Age, family history, and race are key factors.
As men age, their risk of developing prostate cancer increases. That’s why studies show prostate cancer is most common in, but not exclusive to, men older than 65.
“Studies tell us that age, family history, and race — especially if you’re African American — strongly influence your chances of developing prostate cancer,” said Farah M. Brasfield, MD, regional chief of hematology oncology with Kaiser Permanente in Southern California.
“Men of a younger age can also get prostate cancer, which is why it’s important to discuss testing for prostate cancer with your doctor,” Dr. Brasfield continued. “This is especially true since typically there are no symptoms in the early stages of prostate cancer; and, as is the case with other types of cancers, treatment works best with early diagnosis.”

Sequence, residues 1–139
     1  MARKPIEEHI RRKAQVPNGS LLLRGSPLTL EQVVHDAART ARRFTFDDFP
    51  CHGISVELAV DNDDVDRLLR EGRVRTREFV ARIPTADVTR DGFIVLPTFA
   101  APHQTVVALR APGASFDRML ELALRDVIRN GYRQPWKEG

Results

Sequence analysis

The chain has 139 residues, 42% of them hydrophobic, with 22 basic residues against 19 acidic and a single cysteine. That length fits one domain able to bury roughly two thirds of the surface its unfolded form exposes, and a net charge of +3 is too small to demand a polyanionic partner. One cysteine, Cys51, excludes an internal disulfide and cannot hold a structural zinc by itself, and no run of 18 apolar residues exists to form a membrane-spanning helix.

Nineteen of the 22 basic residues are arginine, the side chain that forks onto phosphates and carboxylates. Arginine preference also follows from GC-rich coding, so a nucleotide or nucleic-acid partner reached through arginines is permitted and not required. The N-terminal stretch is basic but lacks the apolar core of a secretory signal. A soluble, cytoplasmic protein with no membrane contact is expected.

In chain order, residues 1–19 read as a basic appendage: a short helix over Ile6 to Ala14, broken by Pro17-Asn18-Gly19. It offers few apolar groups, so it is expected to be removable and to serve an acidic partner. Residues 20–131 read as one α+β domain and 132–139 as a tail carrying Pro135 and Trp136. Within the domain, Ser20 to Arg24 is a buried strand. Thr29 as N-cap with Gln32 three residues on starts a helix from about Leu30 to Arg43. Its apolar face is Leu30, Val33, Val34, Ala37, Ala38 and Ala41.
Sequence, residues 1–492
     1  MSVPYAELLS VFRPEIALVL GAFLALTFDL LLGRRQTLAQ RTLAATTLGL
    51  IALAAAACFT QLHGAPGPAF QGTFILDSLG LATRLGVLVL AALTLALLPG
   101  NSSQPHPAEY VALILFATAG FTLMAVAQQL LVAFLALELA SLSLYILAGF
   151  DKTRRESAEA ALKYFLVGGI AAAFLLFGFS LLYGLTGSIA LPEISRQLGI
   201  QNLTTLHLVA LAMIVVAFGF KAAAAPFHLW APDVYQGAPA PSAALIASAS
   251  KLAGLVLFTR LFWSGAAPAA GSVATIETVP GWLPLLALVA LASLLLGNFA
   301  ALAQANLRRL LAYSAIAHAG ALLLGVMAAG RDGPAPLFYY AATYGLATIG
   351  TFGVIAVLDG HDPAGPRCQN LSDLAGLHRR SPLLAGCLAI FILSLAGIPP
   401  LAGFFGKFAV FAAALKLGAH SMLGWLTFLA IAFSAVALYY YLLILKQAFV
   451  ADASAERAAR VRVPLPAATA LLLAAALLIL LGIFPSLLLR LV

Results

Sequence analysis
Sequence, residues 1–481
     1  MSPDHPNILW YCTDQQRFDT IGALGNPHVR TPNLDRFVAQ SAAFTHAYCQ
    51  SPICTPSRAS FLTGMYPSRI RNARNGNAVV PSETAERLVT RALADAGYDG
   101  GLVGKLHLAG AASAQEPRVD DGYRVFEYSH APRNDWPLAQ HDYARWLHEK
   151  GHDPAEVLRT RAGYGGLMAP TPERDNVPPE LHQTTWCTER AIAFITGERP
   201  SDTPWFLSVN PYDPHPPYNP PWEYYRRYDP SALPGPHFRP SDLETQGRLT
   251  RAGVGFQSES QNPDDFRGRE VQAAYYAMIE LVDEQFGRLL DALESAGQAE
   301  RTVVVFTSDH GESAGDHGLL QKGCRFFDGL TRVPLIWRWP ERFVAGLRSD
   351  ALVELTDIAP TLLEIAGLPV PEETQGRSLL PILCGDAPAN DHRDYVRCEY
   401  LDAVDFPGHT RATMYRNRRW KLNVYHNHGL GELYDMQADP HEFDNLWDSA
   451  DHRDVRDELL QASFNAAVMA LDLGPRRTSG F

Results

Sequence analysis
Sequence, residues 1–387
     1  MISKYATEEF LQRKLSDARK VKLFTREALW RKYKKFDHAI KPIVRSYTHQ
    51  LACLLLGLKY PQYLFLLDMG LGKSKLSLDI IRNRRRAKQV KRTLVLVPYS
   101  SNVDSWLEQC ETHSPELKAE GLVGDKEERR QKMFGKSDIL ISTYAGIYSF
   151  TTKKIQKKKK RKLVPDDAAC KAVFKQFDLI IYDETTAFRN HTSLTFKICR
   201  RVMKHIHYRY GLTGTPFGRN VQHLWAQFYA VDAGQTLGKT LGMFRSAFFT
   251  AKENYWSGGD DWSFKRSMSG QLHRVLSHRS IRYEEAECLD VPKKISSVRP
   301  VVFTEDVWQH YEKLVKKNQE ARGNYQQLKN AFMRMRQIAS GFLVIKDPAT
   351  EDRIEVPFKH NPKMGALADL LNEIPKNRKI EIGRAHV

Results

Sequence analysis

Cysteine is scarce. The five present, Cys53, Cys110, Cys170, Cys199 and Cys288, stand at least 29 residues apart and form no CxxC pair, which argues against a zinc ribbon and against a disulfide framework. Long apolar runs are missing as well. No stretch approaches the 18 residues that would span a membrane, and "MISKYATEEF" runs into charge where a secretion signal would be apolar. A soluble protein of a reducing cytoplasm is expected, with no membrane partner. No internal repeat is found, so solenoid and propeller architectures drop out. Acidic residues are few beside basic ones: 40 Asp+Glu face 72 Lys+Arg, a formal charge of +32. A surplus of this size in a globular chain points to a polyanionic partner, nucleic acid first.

Prostate cancer is the most common cancer among men in the United States, according to the Centers for Disease Control and Prevention. It’s also one of the leading causes of cancer death among men of all races. In fact, out of every 100 American men, about 13 will get prostate cancer during their lifetime.
Prostate cancer begins when cells in the prostate gland start to grow out of control. Because it often grows slowly, it can take years for the prostate to grow large enough to cause health problems. “Most men are unaware they have prostate cancer until it’s detected during a regular medical exam,” Dr. Brasfield said. “Difficulty with urination is often the first symptom.”
Dr. Brasfield urges men to see their doctor for a prostate checkup if they:
There are actions you can take to reduce or delay the risk of developing prostate cancer. According to the American Cancer Society, men should:
“I encourage men to open a discussion with their doctor on this topic during their routine annual physical,” Dr. Brasfield said.